LAKEWOOD RANCH -- Competition and higher standards have made admission into the nation's top colleges and universities more difficult for today's youth, which makes the accomplishment of this year's graduating class at Out-of-Door Academy all the more remarkable.
All 56 members of the Class of 2012 have been accepted into college and have earned a combined $7 million in scholarships, which equates to $132,000 per recipient during four years or roughly $33,000 per school year.
The scholarship money earned set a school record and shattered the previous record, established last year, by $2 million.
"It's pretty unique," said Joe Runge, Out-of-Door's college counselor.
Some of the institutions the students will be attending in the fall includeAmherst College, Columbia University, Emery University, Rhode Island School of Design, Colgate University, University of Southern
California and Wake Forest. The class owns a collective grade point average of 3.26 and 98 percent of the class was accepted into at least one college or university with a Phi Beta Kappa chapter, which is viewed as the highest academic honor society in the country.
Students at ODA begin college counseling in the sixth grade.
"I've been here 14 years and I have never felt more prepared to take the next step in my life," said Nicolai Israileff, the third sibling in his family to graduate from ODA and who will study business at Stetson University.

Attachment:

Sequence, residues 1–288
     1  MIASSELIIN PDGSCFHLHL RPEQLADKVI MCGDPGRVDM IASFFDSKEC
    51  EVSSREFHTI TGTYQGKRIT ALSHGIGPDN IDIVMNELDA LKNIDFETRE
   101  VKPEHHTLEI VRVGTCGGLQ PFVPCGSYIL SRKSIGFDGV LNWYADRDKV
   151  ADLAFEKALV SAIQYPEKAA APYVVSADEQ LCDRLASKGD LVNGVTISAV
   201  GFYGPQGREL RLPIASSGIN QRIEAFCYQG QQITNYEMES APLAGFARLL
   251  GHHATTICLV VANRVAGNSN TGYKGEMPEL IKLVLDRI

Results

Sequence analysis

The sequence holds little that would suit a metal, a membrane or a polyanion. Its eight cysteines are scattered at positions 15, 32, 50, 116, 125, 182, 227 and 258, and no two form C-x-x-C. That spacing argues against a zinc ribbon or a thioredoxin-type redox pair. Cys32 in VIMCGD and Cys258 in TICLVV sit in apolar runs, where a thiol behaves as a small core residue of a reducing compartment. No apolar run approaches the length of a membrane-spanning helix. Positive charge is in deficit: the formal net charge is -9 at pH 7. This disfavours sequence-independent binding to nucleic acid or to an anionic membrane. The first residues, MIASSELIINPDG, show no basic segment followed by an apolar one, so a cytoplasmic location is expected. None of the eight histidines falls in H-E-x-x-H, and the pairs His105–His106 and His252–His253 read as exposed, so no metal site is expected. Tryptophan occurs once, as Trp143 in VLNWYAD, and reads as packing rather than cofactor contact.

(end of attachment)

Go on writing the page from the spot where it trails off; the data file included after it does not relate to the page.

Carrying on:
"I was committed since the seventh grade," said Morgan Williams, who will study chemistry at Columbia. "I knew I had to make goals for myself and learn the process so that I would be a good candidate for the schools I wanted to attend."
Thirty percent of the students have been admitted to an honors program, which, according to Runge, would require a student being placed in the top percentile of the incoming class, 94 percent have received unsolicited scholarships and 61 percent will be attending a private university.
Interestingly, 70 percent of the students will be attending school out of state. Runge, who has been a college counselor for more than 21 years, said more colleges are accepting applications from students in fast-growing states like Florida to increase their popularity.
"Standards are much higher," he said.
"Over the past 20 years, because of higher accessto four-year and two-yearcolleges, the competition to get into the top 200 schools has been incredibly fierce. Ninety-percent of people that got into college 20 to 25 years ago would not gain admission to those same colleges today, including Ivy League."
Nick Williams, East Manatee reporter, can be reached at 941-741-0411, ext. 7049. Twitter: @_1NickWilliams